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Puppet Masters

'Hand to God' is devilish good fun

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HANDYMAN Things get weird between Dean Linnard and his puppet, Tyrone. - KATIE KELLY
  • Katie Kelly
  • HANDYMAN Things get weird between Dean Linnard and his puppet, Tyrone.

After 22 seasons of TV's South Park and 15 years of Broadway's Avenue Q, audiences may be somewhat desensitized to youngsters dropping F-bombs or puppets vigorously engaged in coitus. Prepare to be re-sensitized.

Robert Askins' Hand to God, running at Santa Rosa's Left Edge Theatre through Nov. 11, adds blasphemy to the mix, and the end result is one helluva dark, mean and funny play.

The play opens in the basement of a rural Texas church. It's the meeting place of the Christketeers, a Christian puppet club that Pastor Greg (Carl Kraines) thinks is a good vehicle to help recently widowed Margery (Melissa Claire) out of her funk. The club has three members: Margery's introverted son, Jason (Dean Linnard); the ne'er do well Timmy (Neil Thollander), who's basically been sentenced to the club; and Jessica (Chandler Parrott-Thomas), the only member who actually has an interest in puppetry, albeit Balinese shadow puppetry.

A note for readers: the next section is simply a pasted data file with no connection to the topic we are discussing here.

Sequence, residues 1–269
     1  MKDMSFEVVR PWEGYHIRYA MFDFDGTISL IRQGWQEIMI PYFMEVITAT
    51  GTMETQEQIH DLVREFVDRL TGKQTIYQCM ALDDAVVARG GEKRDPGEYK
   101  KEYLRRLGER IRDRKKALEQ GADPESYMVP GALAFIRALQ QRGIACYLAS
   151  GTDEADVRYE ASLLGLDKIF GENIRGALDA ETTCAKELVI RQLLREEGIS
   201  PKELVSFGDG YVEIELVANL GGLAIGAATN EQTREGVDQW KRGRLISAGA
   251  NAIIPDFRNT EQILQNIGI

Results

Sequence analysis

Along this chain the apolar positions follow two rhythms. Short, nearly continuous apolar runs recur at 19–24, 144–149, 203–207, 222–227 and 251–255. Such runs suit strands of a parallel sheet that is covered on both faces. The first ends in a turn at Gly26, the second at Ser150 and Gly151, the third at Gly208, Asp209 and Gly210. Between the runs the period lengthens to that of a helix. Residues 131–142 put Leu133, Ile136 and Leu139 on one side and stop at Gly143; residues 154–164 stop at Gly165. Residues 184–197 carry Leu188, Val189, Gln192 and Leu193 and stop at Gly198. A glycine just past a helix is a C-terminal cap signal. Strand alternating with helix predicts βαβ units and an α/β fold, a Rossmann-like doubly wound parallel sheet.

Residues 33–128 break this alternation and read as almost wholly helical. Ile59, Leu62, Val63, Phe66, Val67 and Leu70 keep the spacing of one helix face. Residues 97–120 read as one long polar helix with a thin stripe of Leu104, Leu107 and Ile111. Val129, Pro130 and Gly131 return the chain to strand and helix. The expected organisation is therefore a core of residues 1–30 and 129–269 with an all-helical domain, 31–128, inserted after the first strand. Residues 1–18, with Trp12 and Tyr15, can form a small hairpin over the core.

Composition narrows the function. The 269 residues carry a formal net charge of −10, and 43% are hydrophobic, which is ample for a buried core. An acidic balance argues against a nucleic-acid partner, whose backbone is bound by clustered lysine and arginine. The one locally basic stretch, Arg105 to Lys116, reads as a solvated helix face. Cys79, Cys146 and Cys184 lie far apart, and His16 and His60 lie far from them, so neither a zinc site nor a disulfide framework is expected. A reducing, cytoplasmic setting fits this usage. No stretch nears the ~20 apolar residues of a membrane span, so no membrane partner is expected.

Jason introduces his puppet, Tyrone, to Jessica with a painfully unfunny, half-finished version of Abbott and Costello's "Who's on First?" routine, and the seeds of affection grow between them. Pastor Greg hopes similar seeds will grow between him and Margery, while it's Timmy's anatomy that grows when Margery enters his mind. Something else that's growing through all of this is Tyrone's "personality," to the point that his mother thinks the puppet might be demonically possessed.

Linnard, a trained puppeteer, really puts his skills to work here, and his ability to play two distinct characters simultaneously is a joy to watch. Parrott-Thomas matches him in puppetry skill in one particularly physical scene. Claire is good as a woman on the verge of collapse who makes some really bad choices, while Thollander (the object of one of those choices) is effectively loutish. Kraines does nice work as the put-upon pastor.

Askins' deeper-than-it-lets-on script, crisp direction by Chris Ginesi, a clever set design by Argo Thompson (leading to some really funny sight gags) and outstanding character work by all lead to a devilishly entertaining show.

Rating (out of 5): ★★★★

'Hand to God' runs through Nov. 11 at Left Edge Theatre. 50 Mark West Springs Road, Santa Rosa. Friday–Saturday, 8pm; Sunday, 2pm. $25–$40. 707.546.3600. leftedgetheatre.com.

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